Gordon-Conwell's Charlotte campus is a commuter school, and there's only one building, but it is extremely efficient. There are no long hallways. Three two-story zones radiate from a central location that feels like a round plaza surrounded by tall pillars that don't quite reach the high double-story ceiling. The plaza serves as a reception area and gathering place. The library zone contains the bookstore and the reference books and special collections as well as a small permanent collection. (Students and faculty can easily order books from Gordon-Conwell's large library in Massachusetts.) Across the plaza from the library, the administrative zone contains offices, counseling laboratories, a board room, and a faculty lounge.

The third zone holds classrooms that can be divided into several configurations, seating as many as 11 classes simultaneously. One of these is an innovative electronic classroom that allows simultaneous, multiparty classroom discussions in Charlotte and South Hamilton. And at this zone's center is the chapel. Like the other rooms in the building, this nondenominational, nonliturgical worship space is designed for multiple uses. It seats 280 in rows of moveable chairs, but round tables can also be brought in; a catering kitchen is nearby. A descending screen allows for song lyrics or PowerPoint presentations. There is no stained glass — indeed, there are no windows in this high room with its peaked ceiling.

By any reckoning, the centerpiece of the chapel is the 16-foot-high fresco by Gerald Steinmeyer and his associate, Shay Lombardo, on the wall above the pulpit. Shaped like the top of a gothic arch — a rounded but equilateral triangle — the fresco depicts the parable of the sower from Matthew 13:3?9. The nine-foot-tall sower himself stands at the center, his toe hanging over the front edge of the frame in a whimsical feat of trompe l'oeil. On the viewer's left, the first two kinds of bad soil are represented by a Roman soldier crushing seed underfoot on a pathway, and by rocky places. In the middle ground, the back of a shrouded figure represents Satan, while far in the background, worldwide turbulence is depicted by storm clouds over a Middle Eastern city and the smoldering twin towers of the World Trade Center.

On the viewer's right, the scene is brighter. Although thorns choke the seed near the sower's left foot, the crop is bountiful at the far right of the image, as men and women harvesters gather wheat in full sunlight.

Robert E. Cooley, the school's president emeritus, observed that the parable of the sower is especially appropriate for a seminary — the word's Greek root means seed, and one of the fundamental purposes of the institution is to teach students to sow the word of God. How are Christian leaders being formed at Gordon- Conwell? As you look around, you see the comfortable but no-frills building, and it's easy to identify the simplicity long associated with New England combined with an embrace of emerging technology (remember that wired classroom?) so characteristic of evangelicalism. But as you look up into the solemn eyes of the sower, there can be no real question that students are learning to identify with him, moving out into the world to spread the word of God and reap a plentiful crop.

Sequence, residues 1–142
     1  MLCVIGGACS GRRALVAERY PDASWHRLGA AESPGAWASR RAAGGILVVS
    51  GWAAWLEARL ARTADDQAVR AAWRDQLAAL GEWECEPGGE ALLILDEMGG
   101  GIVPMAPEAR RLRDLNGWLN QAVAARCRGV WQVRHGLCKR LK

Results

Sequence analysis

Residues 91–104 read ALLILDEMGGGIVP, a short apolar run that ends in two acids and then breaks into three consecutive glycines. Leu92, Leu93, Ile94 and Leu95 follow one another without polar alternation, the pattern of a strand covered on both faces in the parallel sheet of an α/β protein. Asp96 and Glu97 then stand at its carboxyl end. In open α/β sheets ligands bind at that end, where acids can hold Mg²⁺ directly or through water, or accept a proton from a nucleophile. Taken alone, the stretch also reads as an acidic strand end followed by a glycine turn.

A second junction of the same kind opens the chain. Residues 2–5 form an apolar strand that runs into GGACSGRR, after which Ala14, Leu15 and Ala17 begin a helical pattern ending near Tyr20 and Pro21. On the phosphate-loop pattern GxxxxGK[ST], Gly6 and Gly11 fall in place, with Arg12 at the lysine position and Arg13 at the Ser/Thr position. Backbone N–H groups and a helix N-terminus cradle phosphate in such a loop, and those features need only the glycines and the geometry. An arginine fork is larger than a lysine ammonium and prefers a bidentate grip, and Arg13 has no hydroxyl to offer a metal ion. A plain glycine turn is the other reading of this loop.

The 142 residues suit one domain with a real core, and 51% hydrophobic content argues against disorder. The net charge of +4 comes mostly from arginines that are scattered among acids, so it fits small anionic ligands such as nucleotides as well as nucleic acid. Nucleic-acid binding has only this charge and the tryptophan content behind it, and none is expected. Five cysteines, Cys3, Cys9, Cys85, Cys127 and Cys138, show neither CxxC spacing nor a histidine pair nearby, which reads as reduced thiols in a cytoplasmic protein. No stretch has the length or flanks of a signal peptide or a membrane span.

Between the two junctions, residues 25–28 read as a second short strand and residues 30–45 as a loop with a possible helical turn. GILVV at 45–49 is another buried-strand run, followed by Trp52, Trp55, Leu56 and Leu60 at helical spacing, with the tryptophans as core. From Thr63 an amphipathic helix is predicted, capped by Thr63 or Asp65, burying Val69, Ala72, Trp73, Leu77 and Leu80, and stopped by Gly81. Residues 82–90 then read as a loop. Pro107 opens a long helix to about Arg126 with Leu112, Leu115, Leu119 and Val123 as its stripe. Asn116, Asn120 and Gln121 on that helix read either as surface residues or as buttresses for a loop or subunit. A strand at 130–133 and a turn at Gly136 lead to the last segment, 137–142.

The Parable of the Sower, a fresco by Gerald Steinmeyer, is the centerpiece of the chapel at Gordon-Conwell Theological Seminary's campus in Charlotte, North Carolina. (PHOTO BY JAY BLOSSOM)

Duke University Divinity School

Durham, North Carolina

At the new Goodson Chapel at Duke Divinity School, large gothic windows with clear glass reveal a view of the adjacent stand of trees. University officials have unofficially promised the divinity school that the trees will not be removed. (PHOTO BY JAY BLOSSOM)

Duke University is an extravaganza of gothic revival architecture — indeed, its main campus was built entirely in that style in the 1920s and 1930s. By the design of the university's great benefactor, the Methodist layman and tobacco magnate James B. Duke, the centerpiece of the new campus was a "great, towering church," a Protestant cathedral in the heartland of the southern United States. The luminaries carved in stone around its portals include not only John Wesley but also Thomas Jefferson, Martin Luther, and a forgotten 19th-century poet, Sidney Lanier.

The exterior of the new Goodson Chapel at Duke Divinity School (foreground) blends seamlessly with the Duke University Chapel (background, with tower), which was completed in 1935. (PHOTO BY BRYAN BECKER)

The divinity school stands on prime campus real estate, immediately adjacent to the chapel. But divinity school chapel services have never been held in the University Chapel itself. Instead, since the 1930s, the divinity school's worshiping community has met in a modest second-story room, York Chapel. Drab and small, the room has drawn complaints from generations of students.